1. Anne Layne-Farrar, Gerard Llobet and Jorge Padilla have published a paper titled Patent Licensing in Vertically Disaggregated Industries: The Royalty Allocation Neutrality Principle in Communications & Strategies, no. 95, 3d quarter 2014, pp. 61-84. Here is a link to the paper, and here is the abstract:
This paper investigates patent licensing in vertically disaggregated industries, where patent holders may license to upstream producers only, downstream producers only, or to both upstream and downstream producers. We consider whether consumer welfare will be greater if the patent holder's ability to license multiple parties along a production chain is restricted. We also analyse whether a policy that restricts licensing to upstream manufacturers constitutes appropriate public policy. These questions have significant policy implications. Under the legal doctrine of first sale, or patent exhaustion, a patent holder's ability to license multiple parties along a production chain is restricted. How and when such restrictions should be applied is a controversial issue, as evidenced by the US Supreme Court's granting certiorari in the Quanta case. Some commentators have even argued that refusing to license to upstream component manufacturers may constitute an abuse of dominance and thus infringe the competition laws. We find that under ideal circumstances how royalty rates are split along the production chain has no real consequence for social welfare. Even when we depart from ideal conditions, however, we still find no economic justification for restrictions of the patent holders' ability to license multiple parties or to license to downstream producers only.2. Anne Layne-Farrar and Michael A. Salinger have posted a paper on ssrn titled Bundling of Rand-Committed Patents. Here is a link to the paper, and here is the abstract:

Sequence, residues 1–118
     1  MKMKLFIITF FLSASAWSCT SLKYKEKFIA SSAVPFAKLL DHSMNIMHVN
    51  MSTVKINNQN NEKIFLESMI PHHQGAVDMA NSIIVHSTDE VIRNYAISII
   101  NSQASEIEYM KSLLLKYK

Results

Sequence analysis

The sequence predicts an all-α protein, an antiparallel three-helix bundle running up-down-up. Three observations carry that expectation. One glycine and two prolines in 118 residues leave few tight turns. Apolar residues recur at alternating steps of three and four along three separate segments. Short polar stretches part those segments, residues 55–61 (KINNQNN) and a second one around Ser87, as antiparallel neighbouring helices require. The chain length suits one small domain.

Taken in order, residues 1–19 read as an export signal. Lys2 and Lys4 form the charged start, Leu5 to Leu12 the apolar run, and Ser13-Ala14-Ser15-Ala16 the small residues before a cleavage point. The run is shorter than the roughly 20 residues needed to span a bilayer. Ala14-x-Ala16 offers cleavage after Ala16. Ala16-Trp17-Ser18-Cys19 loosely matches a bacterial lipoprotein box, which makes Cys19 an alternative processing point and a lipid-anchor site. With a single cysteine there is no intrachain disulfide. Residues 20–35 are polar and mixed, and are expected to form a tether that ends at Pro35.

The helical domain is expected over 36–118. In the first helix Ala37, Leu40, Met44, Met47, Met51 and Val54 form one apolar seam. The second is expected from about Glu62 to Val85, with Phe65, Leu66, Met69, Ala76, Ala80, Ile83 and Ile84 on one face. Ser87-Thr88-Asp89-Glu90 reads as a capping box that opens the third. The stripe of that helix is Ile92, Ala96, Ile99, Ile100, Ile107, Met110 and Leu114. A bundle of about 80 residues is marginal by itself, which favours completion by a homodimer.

We assess the implications of the literatures on bundling and tying and on patent bundling in particular for whether a company that makes a RAND (reasonable and non-discriminatory) commitment on a patent may license that patent only in a bundle with patents on which it has not made a RAND-commitment. Patent bundling/tying is a common practice that often has sound efficiency justifications, but forcing a licensee to accept a license on a patent it does not want to obtain a RAND-committed patent that it does want can be a way of circumventing the RAND-commitment. Mixed bundling, where the licensor offers licensees the option of taking a license to RAND-committed patents only or taking a license to the full portfolio, is the most straightforward solution. However, we argue that a licensor can nonetheless offer a RAND-committed patent only in a bundle with patents on which it has not made a RAND-commitment, provided that the royalty would be RAND for the RAND-committed patents alone. The patent owner cannot deduct the value of non-RAND-committed patents from the license fee from the bundle and argue that it has honored its RAND-commitment as long as the difference is RAND for the RAND-committed patents.